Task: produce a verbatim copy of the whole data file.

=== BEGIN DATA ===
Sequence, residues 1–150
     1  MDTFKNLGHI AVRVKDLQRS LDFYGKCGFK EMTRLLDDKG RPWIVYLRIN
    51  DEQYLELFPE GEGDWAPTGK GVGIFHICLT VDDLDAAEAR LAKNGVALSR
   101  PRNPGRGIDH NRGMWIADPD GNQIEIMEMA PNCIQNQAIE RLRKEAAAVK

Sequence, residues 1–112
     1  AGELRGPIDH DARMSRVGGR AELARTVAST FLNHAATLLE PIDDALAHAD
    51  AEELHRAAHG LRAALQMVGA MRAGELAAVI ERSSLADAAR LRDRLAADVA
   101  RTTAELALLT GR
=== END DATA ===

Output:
Sequence, residues 1–150
     1  MDTFKNLGHI AVRVKDLQRS LDFYGKCGFK EMTRLLDDKG RPWIVYLRIN
    51  DEQYLELFPE GEGDWAPTGK GVGIFHICLT VDDLDAAEAR LAKNGVALSR
   101  PRNPGRGIDH NRGMWIADPD GNQIEIMEMA PNCIQNQAIE RLRKEAAAVK

Sequence, residues 1–112
     1  AGELRGPIDH DARMSRVGGR AELARTVAST FLNHAATLLE PIDDALAHAD
    51  AEELHRAAHG LRAALQMVGA MRAGELAAVI ERSSLADAAR LRDRLAADVA
   101  RTTAELALLT GR